Hike at Eramosa Karst Conservation Area

Saturday, April 22, 2017
EARTH DAY!
Found 2 geocaches
Approx. 3.5km

Determined to use my Hamilton Conservation Annual pass, I picked the Eramosa Karst Conservation Area to explore. Mild trails, easy to walk or run. Tall, tall trees and hills.

I discovered various caves along the trails… I’m not a cave person, so just glancing into some of them was just fine by me!

Every time I step out of my house I realize just how lucky we are that all these conservation areas are here, and so close by. I absolutely love it and never want to take it for granted.

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Hike #26 – Hydrocut

Hike #26 – Halfway!
Hydrocut, Kitchener/Wilmot
04-March-2016

I love the silence of nature.

I also love this space; the Hydrocut has been on my wishlist for awhile! I checked out their website (www.hydrocut.ca) and saw the available trails and parking areas. It’s mostly for mountain biking, but the multi-use trail is excellent for the rest of us on foot, horse, or bike.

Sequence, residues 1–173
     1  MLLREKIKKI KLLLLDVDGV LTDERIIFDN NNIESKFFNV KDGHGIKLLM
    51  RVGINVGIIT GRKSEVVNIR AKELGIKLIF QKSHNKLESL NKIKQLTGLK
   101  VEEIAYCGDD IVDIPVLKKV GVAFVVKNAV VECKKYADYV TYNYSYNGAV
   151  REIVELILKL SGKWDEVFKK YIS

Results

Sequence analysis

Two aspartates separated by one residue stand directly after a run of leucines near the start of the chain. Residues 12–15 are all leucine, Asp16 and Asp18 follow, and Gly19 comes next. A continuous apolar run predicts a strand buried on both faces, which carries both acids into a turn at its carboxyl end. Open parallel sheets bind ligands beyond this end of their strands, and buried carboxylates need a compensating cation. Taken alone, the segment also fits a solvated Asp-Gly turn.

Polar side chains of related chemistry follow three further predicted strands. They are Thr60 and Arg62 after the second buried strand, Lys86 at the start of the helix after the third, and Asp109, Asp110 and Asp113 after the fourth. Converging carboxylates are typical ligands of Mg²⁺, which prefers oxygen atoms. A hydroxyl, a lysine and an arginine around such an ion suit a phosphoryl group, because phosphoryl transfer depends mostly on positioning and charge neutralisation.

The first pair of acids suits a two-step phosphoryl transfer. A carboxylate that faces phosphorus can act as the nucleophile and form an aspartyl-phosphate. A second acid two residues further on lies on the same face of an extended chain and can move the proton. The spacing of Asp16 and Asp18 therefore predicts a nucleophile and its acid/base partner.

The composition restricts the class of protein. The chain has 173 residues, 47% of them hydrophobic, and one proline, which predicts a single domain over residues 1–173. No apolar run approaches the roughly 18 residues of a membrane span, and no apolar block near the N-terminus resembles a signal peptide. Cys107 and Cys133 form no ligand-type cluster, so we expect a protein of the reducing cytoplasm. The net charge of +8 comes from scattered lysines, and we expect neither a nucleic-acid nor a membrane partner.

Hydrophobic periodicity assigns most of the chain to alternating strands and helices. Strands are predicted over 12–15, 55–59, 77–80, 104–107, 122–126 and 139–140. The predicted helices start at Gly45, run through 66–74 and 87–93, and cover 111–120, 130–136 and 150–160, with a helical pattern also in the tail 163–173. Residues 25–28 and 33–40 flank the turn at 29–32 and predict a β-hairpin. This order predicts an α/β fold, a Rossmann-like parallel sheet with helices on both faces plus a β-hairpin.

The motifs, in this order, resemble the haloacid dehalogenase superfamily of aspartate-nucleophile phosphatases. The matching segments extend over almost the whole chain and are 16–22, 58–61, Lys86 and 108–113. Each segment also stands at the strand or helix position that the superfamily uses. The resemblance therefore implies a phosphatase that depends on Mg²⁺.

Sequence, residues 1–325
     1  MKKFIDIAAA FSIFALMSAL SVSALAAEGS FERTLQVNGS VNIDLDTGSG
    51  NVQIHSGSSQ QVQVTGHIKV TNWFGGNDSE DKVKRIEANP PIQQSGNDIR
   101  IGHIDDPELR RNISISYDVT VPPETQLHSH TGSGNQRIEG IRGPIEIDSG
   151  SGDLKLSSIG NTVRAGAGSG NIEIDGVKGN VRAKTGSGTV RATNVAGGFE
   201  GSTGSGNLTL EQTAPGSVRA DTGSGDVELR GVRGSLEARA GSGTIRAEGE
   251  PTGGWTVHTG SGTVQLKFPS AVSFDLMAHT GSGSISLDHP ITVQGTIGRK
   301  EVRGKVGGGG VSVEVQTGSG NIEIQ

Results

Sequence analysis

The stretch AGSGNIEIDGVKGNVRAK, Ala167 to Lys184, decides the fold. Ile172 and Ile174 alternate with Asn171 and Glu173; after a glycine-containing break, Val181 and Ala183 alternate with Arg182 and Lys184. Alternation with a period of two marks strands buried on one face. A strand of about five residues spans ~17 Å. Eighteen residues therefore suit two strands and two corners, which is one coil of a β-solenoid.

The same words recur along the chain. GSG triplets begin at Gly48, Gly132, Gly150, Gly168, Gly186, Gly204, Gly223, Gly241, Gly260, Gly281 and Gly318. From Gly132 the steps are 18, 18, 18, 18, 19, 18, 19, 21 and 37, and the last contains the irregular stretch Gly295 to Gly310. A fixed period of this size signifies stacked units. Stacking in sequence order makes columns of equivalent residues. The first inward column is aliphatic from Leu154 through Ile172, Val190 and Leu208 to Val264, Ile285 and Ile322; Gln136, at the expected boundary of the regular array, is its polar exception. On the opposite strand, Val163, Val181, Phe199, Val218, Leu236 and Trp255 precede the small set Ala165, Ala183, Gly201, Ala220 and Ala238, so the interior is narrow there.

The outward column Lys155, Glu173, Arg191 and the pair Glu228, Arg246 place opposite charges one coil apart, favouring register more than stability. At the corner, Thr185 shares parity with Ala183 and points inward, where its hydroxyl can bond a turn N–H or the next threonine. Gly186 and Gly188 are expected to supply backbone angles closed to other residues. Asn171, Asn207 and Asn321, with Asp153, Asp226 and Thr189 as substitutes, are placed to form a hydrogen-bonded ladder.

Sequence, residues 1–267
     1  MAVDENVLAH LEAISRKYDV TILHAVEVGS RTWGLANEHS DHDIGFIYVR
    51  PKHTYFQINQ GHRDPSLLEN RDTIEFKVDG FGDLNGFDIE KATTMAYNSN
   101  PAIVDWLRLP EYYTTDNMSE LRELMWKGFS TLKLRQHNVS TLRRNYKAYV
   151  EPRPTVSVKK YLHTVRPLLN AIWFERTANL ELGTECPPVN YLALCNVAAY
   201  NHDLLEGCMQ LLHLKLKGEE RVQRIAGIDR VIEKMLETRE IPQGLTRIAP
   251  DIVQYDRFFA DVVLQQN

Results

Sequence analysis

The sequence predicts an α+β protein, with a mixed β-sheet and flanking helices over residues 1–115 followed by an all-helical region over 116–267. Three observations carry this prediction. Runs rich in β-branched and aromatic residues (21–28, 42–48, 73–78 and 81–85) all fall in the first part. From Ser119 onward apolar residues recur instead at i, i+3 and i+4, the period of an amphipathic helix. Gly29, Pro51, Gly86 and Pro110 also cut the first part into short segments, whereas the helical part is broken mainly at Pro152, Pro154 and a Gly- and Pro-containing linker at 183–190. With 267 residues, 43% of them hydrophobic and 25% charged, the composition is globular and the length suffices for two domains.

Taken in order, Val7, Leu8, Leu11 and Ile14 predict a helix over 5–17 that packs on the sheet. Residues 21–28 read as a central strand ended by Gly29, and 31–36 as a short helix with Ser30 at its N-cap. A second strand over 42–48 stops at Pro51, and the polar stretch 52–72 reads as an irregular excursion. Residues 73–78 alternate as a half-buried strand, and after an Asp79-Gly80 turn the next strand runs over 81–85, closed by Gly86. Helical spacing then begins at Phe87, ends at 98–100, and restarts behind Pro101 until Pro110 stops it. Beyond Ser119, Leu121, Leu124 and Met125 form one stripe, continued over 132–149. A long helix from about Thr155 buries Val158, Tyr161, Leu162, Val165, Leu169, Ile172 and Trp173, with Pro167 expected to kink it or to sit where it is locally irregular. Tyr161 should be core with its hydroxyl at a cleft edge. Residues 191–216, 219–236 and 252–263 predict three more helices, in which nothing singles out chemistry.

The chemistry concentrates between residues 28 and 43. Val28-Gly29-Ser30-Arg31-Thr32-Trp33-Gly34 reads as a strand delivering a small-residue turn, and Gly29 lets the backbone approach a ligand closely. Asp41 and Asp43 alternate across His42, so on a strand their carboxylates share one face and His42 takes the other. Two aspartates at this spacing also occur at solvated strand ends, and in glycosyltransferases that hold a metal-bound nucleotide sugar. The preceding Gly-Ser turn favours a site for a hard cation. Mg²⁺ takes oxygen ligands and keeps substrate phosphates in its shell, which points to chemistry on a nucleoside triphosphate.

I will definitely have to revisit this place in the summer.

Hike #25 – Bruce Trail/Dufferin Quarry

Hike #25
Bruce Trail/Dufferin Quarry Bridge
Milton, Ontario
28-February-2016

I woke up today with my leg still aching, but a few quick stretches later I was ready to get going. The weather was unbelieveable: 14 degrees Celsius in FEBRUARY?! I couldn’t resist.

I picked up my Bruce Trail guidebook and planned out where to go.

There’s a gap in the escarpment in Milton, and I wanted to explore it. Turns out there’s a quarry in there, with a bridge that keeps the Bruce Trail connected.

I headed out with all my gear and found parking along Dublin Road. The trailhead was where it seemed like private property, but all the trails online showed this to be an entrance, so away I went.

I’m glad I had my icers on, as it was uphill for almost a kilometre until I reached the white blazes of the Bruce Trail. At the top I met a couple coming from the direction I was heading into, and asked if there was ice along the trail. They said no, but I quickly realized that was not the case. Back on the icers went; there were a few crevices with ice around them that I didn’t want to risk anything preventable happening. I don’t want to be “that hiker” in the next news article.